[Skip to content]

Menu
Search our Site
  • Instagram Icon
  • RSS Icon
  • Twitter Icon
  • Facebook Icon
  • YouTube Icon
Menu
UK Athletics
Menu
In this section
.

gold for farah as ennis-hill and rutherford also win medals on super saturday ii

Share this

Share to Twitter Share to Facebook Tell friends via WhatsApp Email us
13 August 2016


Mo Farah (coach: Alberto Salazar) made history as the first British athlete to win three Olympic gold medals, as Jessica Ennis-Hill (Toni Minichiello) and Greg Rutherford (Dan Pfaff) also won medals on ‘Super Saturday’ mark two.

Just as in London four years ago, Farah was first to go, defending his Olympic 10,000m title. Typically cautious through the first half of the race, Farah started to take closer order but was clipped and hit the deck. Thankfully he bounced back to his feet as quickly as he had fallen and from there normal order was resumed.

Taking the lead with two laps to go, Farah controlled the race from the front, looking round to check for danger on numerous occasions. Paul Tanui of Kenya did take the lead on the last lap, but Farah stayed calm before kicking away down the home straight to make history.

After his 27.05.17 victory, the triple Olympic champion said:

“It is never an easy thing when you know you have got a target on your back. When I fell down, for a moment I thought my race was over, my dream was over but then I managed to dig deep.

“I promised my daughter Rhianna I was going to get her a medal and I was thinking ‘I can’t let her down’. That is all I was thinking about – her. That is why I was quite emotional at the end because it almost went.

“As each lap went down, I was getting more and more confident. With the bell, I was thinking ‘just don’t waste too much energy’. “I didn’t know what some of the others could do so I just wanted to make sure I had something at the end. For me, one of the things that keeps me going is winning medals for my country and making my nation proud.”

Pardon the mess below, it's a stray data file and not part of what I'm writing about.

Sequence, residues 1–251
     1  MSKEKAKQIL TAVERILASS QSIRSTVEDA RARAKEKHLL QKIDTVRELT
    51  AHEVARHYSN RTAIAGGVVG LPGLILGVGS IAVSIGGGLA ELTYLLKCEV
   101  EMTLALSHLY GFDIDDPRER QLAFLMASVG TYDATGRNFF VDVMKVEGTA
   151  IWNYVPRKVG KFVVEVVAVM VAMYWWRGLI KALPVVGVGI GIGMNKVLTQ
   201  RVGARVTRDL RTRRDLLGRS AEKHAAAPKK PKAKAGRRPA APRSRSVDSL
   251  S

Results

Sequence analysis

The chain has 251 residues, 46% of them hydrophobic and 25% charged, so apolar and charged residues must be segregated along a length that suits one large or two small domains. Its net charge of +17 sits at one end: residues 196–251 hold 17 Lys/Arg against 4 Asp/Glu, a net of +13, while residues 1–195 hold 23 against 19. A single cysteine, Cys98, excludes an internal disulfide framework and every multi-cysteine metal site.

The two other British athletes in the race, Andy Vernon (Nic Bideau) and Ross Millington (Steve Vernon) finished in 25th and 31st in 28.19.36 and 29.14.95 respectively.

Jessica Ennis-Hill put up a wonderful defence of her Olympic title, with strong performances across the board. Ultimately she was just beaten by a better athlete over the two days, and that was young Belgian Nafissatou Thiam, who smashed her national record to win gold.

With two events to go Ennis-Hill trailed by just five points, and would have probably thought a 46.06m javelin and 2.09.07 800m would have been enough for gold. As it was, Thiam produced an outstanding 53.13m personal best throw in the javelin, before running another PB in the 800m of 2.16.54.

In the end a total of 6810 points saw Thiam take gold, with Ennis-Hill’s 6775 good for silver. Afterwards she commented:

“Its congratulations not commiserations, I’m pretty emotional but these are happy tears and I’m really proud to be back on the podium it’s been so tough. But yes I’m really proud.

“I think it’s a mix of thinking back to last few years. I’m just so emotional and yeah I’ve just got to make a decision as to whether this is my last heptathlon or not.

“I knew I had to beat her (Thiam) by about 10 seconds. When I came off from the javelin I had to speak to Toni and I said ‘what have I got to do’ – he said ‘ten seconds’ and I was like ‘oh god that’s so much’ but I just thought I’m going to run hard like I always do at 800m and see what I can do.